2018-02-23 / Front Page

Dissent hasn’t derailed station project

By Duke Harrington Staff Writer

KENNEBUNK — Although a pair of Kennebunk selectmen have lined up solidly against building a seasonal Amtrak train stop in town, plans are moving forward to select a platform location and get the project done before $800,000 in federal grant money dries up.

In a June 2014 bond vote, Kennebunk voters authorized borrowing $300,000 as part of a $1.1 million plan to facilitate seasonal stops by the Amtrak Downeaster.

The rest of the money came in the form of an $800,000 federal grant funneled through the Maine Department of Transportation (MDOT).

As announced at the time, the grant money was to build the platform, while the town money would have created an adjacent 21-space parking lot. But those federal dollars come with a use-it-or-lose-it clause, and would go away if the new train platform is not ready to process passengers by December 2019.

But as time passed, subsequent property transfers muddied what was once a clear intent for where the train should stop — at the original depot, now owned by Tim Dietz.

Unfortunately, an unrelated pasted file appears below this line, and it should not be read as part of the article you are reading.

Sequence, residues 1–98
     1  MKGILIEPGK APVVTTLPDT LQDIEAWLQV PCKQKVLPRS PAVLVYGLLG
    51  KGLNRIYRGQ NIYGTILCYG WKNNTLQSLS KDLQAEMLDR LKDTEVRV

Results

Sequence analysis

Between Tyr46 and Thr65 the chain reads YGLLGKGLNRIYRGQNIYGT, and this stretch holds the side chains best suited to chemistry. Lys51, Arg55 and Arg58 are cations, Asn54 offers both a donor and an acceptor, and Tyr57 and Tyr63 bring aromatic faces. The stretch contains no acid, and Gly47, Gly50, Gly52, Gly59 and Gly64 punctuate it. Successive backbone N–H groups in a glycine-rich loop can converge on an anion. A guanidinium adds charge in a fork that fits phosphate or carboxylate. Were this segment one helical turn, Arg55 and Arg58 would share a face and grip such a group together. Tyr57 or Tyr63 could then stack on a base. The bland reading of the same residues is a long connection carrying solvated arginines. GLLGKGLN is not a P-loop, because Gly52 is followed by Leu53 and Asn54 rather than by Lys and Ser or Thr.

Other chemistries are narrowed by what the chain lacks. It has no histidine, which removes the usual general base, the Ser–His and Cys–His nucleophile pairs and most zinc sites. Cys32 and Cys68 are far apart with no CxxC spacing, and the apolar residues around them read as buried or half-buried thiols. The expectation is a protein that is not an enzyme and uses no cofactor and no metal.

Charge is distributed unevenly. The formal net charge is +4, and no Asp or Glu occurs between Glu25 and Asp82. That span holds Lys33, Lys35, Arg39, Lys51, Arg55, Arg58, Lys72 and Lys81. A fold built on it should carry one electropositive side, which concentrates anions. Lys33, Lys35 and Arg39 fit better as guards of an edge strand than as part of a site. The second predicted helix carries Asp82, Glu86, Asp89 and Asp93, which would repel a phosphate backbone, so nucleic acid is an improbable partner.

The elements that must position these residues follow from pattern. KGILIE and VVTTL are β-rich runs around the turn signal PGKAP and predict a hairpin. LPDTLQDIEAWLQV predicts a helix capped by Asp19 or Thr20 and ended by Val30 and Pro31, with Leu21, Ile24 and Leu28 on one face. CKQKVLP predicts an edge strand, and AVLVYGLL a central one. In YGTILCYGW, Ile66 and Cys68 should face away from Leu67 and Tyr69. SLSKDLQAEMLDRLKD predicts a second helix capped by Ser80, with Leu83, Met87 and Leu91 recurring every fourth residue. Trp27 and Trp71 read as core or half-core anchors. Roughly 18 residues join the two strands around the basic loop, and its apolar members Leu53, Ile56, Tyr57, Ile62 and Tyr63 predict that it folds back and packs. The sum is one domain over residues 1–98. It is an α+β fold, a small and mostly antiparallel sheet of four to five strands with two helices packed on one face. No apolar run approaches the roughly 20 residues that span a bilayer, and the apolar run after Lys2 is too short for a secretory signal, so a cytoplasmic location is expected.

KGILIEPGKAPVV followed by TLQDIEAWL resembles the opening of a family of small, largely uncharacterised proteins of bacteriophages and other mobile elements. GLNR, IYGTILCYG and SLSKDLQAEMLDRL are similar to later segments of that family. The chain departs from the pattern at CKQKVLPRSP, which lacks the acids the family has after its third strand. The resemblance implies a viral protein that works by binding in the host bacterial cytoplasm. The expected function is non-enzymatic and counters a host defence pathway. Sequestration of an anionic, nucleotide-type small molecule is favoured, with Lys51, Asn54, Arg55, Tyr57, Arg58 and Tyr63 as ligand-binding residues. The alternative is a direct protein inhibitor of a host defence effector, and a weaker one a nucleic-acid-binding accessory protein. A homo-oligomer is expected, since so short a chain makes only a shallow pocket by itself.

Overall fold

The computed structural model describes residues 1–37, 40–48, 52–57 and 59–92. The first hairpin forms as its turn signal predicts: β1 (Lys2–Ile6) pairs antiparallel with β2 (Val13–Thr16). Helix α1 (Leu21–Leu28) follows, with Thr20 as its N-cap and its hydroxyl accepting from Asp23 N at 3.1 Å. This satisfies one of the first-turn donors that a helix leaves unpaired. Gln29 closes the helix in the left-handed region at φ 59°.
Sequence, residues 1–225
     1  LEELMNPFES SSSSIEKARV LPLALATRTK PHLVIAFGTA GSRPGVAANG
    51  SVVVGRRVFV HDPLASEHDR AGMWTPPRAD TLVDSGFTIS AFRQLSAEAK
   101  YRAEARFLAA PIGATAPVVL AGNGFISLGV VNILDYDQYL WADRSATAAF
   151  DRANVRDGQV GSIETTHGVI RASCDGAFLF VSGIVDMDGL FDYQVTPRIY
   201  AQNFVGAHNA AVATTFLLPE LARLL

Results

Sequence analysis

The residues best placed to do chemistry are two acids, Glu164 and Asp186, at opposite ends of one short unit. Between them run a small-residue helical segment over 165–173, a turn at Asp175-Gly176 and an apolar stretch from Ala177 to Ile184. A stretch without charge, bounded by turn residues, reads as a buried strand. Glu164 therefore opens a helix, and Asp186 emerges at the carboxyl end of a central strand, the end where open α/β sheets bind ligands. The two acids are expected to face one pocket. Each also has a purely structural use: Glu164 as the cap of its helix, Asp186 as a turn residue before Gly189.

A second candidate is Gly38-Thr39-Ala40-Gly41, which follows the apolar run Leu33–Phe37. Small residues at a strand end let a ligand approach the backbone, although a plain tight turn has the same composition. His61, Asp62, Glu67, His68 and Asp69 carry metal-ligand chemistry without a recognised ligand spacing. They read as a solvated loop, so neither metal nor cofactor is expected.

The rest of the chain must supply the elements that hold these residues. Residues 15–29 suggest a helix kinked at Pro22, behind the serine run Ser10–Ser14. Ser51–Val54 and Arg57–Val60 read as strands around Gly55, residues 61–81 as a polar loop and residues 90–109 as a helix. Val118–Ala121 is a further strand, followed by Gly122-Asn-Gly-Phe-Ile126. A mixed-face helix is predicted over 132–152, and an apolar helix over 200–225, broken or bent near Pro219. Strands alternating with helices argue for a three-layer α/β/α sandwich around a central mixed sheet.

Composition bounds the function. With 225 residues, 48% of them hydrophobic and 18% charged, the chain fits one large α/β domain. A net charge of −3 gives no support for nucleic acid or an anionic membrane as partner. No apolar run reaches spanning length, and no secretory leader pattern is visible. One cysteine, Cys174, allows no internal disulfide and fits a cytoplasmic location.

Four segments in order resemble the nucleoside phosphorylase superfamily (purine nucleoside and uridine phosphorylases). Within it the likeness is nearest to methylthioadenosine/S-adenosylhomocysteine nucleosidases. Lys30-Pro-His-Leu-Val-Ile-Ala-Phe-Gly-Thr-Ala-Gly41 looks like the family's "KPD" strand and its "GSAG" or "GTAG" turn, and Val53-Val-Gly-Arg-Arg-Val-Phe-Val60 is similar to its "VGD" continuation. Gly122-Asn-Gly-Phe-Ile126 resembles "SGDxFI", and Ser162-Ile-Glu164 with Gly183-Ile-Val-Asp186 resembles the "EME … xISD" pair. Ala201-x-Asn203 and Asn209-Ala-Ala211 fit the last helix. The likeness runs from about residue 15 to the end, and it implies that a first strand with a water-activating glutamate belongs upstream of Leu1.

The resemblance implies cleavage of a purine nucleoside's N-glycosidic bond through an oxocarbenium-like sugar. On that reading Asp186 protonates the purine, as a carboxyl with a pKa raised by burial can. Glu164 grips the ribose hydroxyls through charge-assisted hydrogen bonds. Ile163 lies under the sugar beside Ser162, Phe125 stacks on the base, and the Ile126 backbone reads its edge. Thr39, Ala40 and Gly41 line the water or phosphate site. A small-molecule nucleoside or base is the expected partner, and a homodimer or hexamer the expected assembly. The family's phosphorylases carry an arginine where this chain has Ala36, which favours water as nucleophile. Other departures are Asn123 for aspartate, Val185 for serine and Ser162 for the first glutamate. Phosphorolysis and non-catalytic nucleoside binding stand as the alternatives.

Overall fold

In October, interim Economic Development Director Jim Black presented a long-term concept to scale-up the train station into a regional multimodal transportation complex, should demand warrant, saying there was not one, but three potential station sites in play. But in November, the board voted 4-3 against a proposal pitched by Bob Georgitis, chairman of the town’s economic development committee, to form a special ad hoc committee to vet the sites and launch negotiations with a preferred landowner.

At the time, board chairman Dick Morin said the vote effectively killed the entire deal dead in its tracks.

But then in December the board made a 180-degree turn, voting 6-1 to reverse course by appointing Georgitis, Black, and Town Engineer Chris Osterrieder, to begin the process of site selection, tasking the trio to return with an estimate of how much it would cost to build, operate and maintain a seasonal platform.